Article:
Posts Tagged With: Nigeria

Nigerian Kidnappings: The Link to Poaching

Rhino and elephant poaching is detrimental not only to the rhino and elephant, but to global security. Poaching profits fund terrorist activity, like the kidnapping of over 200 girls in Nigeria.

funding terrorism

On April 16, armed men took 223 girls from their beds in the middle of the night at their school in Nigeria.  They disappeared into the dense forest near the Cameroon border, and have not been seen since. Boko Haram is the Islamic extremist group responsible. They especially oppose the education of women, and it is believed the militants are selling the girls to be brides of their tormentors.

The Nigerian based  Islamic extremist group fights with advanced weaponry and equipment, which is in high contrast with the poor surroundings of the country. Their funding is vast and somewhat unknown.  In part, they may be receiving funding from other terrorist groups such as Al-Qaeda, they also reap benefits from robberies, and poachings.

Boka Haram poaching activity is connected to both rhinos and elephants and spans Cameroon, Somalia and Zimbabwe.

boko harem by reuters

Boko Harem (by: Reuters)

In addition to Al-Quaeda, they are linked to the Somali group, Al-Shabaab, who claimed responsiblity for the Westgate mall attack in Nairobi in 2013. A major portion of that groups’ activities are reportedly funded by poaching as well. Claims are that up to three tons of ivory are bought and sold every month through a coordinated supply chain.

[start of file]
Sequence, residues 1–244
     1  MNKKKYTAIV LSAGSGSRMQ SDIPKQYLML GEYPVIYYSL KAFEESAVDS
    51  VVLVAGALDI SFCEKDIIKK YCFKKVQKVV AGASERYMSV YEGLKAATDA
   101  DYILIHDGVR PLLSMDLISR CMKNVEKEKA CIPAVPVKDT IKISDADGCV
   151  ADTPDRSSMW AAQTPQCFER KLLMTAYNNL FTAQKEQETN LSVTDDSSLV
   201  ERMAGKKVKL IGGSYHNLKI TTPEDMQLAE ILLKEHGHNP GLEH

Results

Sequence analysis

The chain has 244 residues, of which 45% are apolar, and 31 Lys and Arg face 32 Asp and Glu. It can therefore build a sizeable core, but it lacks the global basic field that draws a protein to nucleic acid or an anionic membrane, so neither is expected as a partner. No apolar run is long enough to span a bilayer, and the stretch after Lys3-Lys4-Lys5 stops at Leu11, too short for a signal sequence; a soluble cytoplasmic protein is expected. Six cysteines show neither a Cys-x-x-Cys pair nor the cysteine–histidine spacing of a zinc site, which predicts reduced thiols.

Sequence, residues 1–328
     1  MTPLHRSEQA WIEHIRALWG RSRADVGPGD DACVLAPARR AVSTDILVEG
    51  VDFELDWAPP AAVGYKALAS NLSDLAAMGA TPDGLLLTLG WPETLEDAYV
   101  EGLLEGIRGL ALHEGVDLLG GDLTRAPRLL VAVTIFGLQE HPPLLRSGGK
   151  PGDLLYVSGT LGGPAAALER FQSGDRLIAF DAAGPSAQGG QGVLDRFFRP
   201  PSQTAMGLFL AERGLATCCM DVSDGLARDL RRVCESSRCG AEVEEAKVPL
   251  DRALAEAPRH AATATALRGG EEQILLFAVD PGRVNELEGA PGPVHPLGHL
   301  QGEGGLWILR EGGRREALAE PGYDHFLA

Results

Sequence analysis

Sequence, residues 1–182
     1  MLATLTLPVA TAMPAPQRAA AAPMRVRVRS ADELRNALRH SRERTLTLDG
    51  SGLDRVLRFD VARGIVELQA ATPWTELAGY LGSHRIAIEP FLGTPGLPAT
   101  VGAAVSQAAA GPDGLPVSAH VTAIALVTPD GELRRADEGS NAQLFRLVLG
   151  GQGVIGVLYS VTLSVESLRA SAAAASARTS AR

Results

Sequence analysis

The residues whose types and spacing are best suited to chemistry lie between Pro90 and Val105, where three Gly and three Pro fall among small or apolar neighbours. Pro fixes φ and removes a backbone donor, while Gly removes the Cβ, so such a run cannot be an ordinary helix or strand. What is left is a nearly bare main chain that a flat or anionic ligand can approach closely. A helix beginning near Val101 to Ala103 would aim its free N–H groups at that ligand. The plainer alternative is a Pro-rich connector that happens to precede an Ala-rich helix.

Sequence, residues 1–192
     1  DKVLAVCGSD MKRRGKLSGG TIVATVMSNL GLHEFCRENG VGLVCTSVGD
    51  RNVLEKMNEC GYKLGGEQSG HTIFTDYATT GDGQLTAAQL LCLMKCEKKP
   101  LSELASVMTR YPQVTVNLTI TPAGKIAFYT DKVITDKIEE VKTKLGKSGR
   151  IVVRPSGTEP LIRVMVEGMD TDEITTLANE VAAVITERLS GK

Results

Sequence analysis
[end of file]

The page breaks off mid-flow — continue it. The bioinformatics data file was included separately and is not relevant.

Andrea Crosta, executive director of the Elephant Action League (EAL), has studied Al-Shabaab activity and states that the group makes enough through ivory to support around 40 per cent of the salaries paid to militants.

The issue of poaching is being recognized as a global threat. In 2013,  US President Obama took a strong stance on poaching, issuing an executive order to combat wildlife trafficking.obama

“The survival of protected wildlife species such as elephants, rhinos, great apes, tigers, sharks, tuna, and turtles has beneficial economic, social, and environmental impacts that are important to all nations,” it reads. “Wildlife trafficking reduces those benefits while generating billions of dollars in illicit revenues each year, contributing to the illegal economy, fueling instability, and undermining security.”

One of the methods governments utilize to defuse terrorist organizations, is through tracking their funding. Knowing they are using the wildlife to fund themselves should be reason enough to enact tougher tracking and penalties for poaching. Obviously stopping poaching will not put an end to terrorism, but it would stop enabling them, making it more difficult for them to carry out their inhumane activities.

In the meantime, there are hundreds of families in Nigeria desperately awaiting news on their daughter’s lives. Peace and prayers go with them.

Please sign the petition to draw attention and action to the kidnapped girls: Bring Back Our Girls

where are our chibok girls

Nigerian women demonstration, looking for help to free the girls.

 

(*African Daily News, Huffington Post, The Washington Times)

 

 

 

 

Categories: Rhino Ramblings | Tags: , , , , , , , , , , , , , , , , , | 9 Comments

King of the Jungle Dethroned

Africa’s rhino and elephant aren’t the only animals facing extinction, the African Lion is threatened. It is extremely rare to see a lion over 3 years of age in the wild.??????????????????????????????????????????????????????????????????????????????????????